The regulations define personal data as ‘information that relates to an identified or identifiable individual.’ This means that the data contains sufficient information to identify an individual. As a payroll number is designed to be a unique identifier of each employee it is, therefore, considered to be personal data under the GDPR regulations.
Payroll numbers are linked to personal information regarding each employee such as their name, home address, salary, bank details and social security number. All of these elements are vulnerable to a data breach, and are often the target of cybercriminals. Employers need to be extra vigilant of such security risks as well as their compliance obligations under GDPR which require them to handle, process and store such data securely.
To become GDPR compliant, payroll processes must be reviewed to ensure controls are in place to keep sensitive payroll data private. This can include taking some or all of the following measures:
- The use of passwords and encryption for all payroll files shared between parties, internally or externally.
- The review and limit on the number of staff who have access to company payroll information.
- Gaining employee consent to add their details to the company payroll system upon joining the organization.
- Consolidating payroll data onto one centralized location rather than across several locations.
- Securely delivering employee pay stubs by introducing methods such as online, password-protected access.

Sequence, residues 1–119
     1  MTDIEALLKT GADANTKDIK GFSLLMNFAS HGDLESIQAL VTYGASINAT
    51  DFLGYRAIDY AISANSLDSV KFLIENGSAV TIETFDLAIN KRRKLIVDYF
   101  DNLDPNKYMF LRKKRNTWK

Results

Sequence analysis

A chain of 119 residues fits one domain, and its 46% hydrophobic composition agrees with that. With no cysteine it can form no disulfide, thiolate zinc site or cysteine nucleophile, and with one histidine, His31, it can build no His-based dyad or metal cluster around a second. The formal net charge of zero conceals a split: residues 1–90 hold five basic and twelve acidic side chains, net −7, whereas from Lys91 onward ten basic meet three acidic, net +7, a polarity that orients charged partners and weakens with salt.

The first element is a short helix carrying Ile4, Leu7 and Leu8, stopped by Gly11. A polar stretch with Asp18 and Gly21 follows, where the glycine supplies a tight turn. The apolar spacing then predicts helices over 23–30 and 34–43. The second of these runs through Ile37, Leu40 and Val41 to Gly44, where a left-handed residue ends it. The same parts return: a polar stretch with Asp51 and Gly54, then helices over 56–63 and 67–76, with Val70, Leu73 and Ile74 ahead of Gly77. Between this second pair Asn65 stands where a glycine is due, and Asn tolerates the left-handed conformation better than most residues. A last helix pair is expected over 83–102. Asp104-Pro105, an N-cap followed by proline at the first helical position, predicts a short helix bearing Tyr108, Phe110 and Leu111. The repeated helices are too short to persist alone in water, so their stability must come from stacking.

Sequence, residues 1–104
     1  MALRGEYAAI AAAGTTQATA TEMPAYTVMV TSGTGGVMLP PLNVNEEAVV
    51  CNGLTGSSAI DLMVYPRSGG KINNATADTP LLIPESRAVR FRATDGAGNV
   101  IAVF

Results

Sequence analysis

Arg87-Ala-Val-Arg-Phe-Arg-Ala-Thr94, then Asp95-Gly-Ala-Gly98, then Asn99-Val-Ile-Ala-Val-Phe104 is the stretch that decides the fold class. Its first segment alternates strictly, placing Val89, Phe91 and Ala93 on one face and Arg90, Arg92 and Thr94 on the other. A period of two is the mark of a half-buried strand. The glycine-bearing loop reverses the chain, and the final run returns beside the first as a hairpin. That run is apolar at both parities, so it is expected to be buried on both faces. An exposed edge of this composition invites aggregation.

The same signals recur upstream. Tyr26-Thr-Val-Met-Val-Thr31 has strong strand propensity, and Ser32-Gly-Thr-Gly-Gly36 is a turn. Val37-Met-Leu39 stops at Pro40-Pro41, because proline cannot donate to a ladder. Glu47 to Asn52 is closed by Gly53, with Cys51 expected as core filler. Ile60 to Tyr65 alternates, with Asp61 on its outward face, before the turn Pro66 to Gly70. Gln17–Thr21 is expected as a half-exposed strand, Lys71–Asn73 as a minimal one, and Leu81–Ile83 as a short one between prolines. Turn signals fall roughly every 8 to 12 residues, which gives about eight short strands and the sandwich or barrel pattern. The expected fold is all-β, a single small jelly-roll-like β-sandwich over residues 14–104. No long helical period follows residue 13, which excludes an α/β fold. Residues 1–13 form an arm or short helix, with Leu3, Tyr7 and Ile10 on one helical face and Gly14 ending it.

To make sure, you are in compliance, check out our Guide where we set out all the key legal requirements for payroll.
How Horizons Can Help You Manage Your Global Payroll
Horizons manages payroll on behalf of companies in more than 180 countries and regions. Our ability to centralize and coordinate global payroll cycles can help you to streamline your payroll function, ensuring accurate and on-time payments as well as full compliance with local laws for all of your international employees. Contact us today to find out more about our international payroll solutions.
Frequently asked questions
Although most companies assign their employees a payroll number to make the payroll process easier and less prone to mistakes, it is not a legal requirement for them to do so.
Your employer may not use a unique identifier for its employees when it comes to payroll but instead, rely on other information such as your name.
There is no specified format when it comes to payroll numbers. They usually consist of a unique series of numbers or letters, or a combination of both and can vary in length. This is often according to the number of employees that are in an organization with longer payroll numbers indicating a large number of employees.
In the UK it is generally recommended that payroll numbers be at least six digits long, to ensure they are unique for each employee. In some cases, employers will use the National Insurance number of their employees as their payroll number.